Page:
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One of the most important parts of the User Interface (UI)/User Experience (UX) process — that is, mapping out all the pieces of information that will go on a web page or application screen — is deciding how to label the navigation. And one of the most important pieces of navigation for sites with user accounts is the link visitors use to access their account.
We’re currently working with one of our favorite big clients to redesign the dashboard for their customers’ account management site. These customer accounts include not just contact data but financial information, so the entire site is behind a log-in screen. Or wait: is that a sign-in screen?
And that’s just it; one of the decisions we had to make was whether to label this seemingly simple link “log in/log out,” “sign in/sign out,” or “log on/log off.”
There’s no final answer to this question in a UX Bible somewhere, so we conducted some quick research to see how other top websites labeled their account access navigation, and the results were interesting.
How Top Sites Label Their User Account Access Navigation
We reviewed 30 sites in 6 loose categories: Finance, Social/Sharing, Search+, E-Commerce, Entertainment and Media. Overall, 13 out of 30 (43%) used “log in/log out,” 16 (53%) used “sign in/sign out” and just 1 site (4%) used “log on/log off.”
But within categories, the results varied. Some were completely consistent, and others were less so.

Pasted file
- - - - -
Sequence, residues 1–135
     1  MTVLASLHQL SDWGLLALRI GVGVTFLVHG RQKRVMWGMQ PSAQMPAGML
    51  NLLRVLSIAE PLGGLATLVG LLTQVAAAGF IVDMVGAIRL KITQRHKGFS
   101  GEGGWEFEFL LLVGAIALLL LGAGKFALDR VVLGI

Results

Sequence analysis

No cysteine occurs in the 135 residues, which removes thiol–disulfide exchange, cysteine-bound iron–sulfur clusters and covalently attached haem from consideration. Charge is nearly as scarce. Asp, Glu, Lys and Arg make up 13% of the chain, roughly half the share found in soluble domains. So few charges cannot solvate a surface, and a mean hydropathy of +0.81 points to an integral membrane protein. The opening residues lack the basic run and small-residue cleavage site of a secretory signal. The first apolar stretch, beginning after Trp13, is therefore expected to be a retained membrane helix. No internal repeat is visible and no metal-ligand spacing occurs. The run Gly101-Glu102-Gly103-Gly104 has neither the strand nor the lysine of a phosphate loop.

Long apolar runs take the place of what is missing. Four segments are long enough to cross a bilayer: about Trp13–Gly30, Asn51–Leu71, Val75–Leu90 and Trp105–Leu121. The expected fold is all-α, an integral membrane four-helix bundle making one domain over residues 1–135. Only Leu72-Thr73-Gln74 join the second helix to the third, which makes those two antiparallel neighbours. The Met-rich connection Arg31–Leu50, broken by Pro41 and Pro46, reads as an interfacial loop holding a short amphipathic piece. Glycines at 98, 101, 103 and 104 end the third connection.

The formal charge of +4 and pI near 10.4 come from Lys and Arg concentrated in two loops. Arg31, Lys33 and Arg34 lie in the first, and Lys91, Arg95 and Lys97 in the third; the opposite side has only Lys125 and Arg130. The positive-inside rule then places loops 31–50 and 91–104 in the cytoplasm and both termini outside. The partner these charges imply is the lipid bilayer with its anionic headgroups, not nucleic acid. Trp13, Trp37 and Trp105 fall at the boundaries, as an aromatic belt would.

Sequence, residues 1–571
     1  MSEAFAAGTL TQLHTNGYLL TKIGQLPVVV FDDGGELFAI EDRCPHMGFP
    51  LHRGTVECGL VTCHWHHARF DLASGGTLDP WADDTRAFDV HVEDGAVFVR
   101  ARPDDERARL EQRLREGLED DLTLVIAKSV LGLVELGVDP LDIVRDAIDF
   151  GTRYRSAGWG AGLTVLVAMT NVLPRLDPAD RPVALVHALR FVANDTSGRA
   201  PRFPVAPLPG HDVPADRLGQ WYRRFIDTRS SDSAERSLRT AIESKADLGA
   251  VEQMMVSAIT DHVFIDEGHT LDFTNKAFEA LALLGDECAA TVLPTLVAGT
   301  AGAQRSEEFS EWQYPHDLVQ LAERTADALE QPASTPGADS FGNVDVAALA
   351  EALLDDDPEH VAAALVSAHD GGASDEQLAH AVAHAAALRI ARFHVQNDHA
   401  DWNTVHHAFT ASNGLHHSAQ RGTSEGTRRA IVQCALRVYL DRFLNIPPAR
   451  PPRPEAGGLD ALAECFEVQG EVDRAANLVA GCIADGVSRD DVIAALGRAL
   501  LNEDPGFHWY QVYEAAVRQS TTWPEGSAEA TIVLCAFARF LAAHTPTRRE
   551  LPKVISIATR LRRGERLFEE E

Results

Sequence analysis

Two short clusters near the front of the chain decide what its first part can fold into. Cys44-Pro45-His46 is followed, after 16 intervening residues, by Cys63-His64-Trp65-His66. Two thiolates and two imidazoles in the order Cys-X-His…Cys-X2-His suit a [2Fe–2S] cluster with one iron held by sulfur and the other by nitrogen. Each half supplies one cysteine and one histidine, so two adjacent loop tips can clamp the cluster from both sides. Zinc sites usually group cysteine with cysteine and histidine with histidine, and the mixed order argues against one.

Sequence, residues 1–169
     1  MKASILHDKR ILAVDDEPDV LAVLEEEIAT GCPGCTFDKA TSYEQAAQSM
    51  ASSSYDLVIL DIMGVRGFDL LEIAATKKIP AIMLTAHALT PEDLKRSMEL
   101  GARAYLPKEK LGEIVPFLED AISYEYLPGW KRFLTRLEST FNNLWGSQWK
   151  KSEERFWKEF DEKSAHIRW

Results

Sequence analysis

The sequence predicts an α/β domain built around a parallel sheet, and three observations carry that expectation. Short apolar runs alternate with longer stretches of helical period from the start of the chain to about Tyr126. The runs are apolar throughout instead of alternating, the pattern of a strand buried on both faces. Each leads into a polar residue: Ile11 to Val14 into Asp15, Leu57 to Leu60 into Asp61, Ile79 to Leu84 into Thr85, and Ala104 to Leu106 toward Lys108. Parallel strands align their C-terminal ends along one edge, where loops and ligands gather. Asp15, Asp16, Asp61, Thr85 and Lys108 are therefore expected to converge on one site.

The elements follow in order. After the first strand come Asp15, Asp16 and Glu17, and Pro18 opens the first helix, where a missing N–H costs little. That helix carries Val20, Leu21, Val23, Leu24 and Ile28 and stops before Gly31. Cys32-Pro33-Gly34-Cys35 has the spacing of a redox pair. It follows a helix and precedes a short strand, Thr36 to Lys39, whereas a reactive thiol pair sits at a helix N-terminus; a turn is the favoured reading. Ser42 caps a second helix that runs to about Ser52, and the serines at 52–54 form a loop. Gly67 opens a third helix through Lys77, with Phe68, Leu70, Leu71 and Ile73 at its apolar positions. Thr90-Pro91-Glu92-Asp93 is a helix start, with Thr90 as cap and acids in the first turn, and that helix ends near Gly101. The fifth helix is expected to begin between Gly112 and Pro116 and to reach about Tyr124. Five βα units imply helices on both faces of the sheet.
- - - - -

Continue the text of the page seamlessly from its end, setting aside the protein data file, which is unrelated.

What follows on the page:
This category included Mint, Bank of America and American Express. Three (3) used “log in,” 1 (investing site Vanguard) used “log on” and 1 used “sign in.”
There was a split here as well: 3 used “log in” (Facebook, Yelp, StumbleUpon) and 2 used “sign in” (Twitter and LinkedIn).
Total consensus here: all 5 use “sign in” (Yahoo!, Google, Bing, AOL, Ask).
Ditto for this category; sites reviewed were Amazon, Target, Walmart, Sears and Gap.
Back to the splits: 3 “log in” (MTV, Gawker, Entertainment Weekly) and 2 “sign in” (Pandora, TMZ).
Near consensus in this category, but unlike the others the consensus was on the side of “log in.” Four (4) out of 5 went this route: The New York Times, Politico, The Huffington Post and the Daily Beast. Only the Washington Post wants its readers to “sign in.”
(Want to see the raw data and list of sites? We put it in a public Google Docs spreadsheet, Account Access Navigation Labeling Survey.)
Depending on your site category, don’t assume there’s a clear answer to the best navigation label. See which one or two are most common and run A/B tests with users to see which one is used the most.
And one more thing: we noticed an increasing prevalance of Facebook Connect as a sign-in option across several sites, especially in the Entertainment and Media categories. If Connect continues to be adopted as a standard, don’t be surprised if both “sign in” and “log in” are dropped–replaced instead by “connect.”
- What’s the label for your site’s user account access?
- Do you prefer one over the other? Why?
Wondering what navigation labels to use on your site? Need help implementing and analyzing a user test? Innate can help with that; contact us today.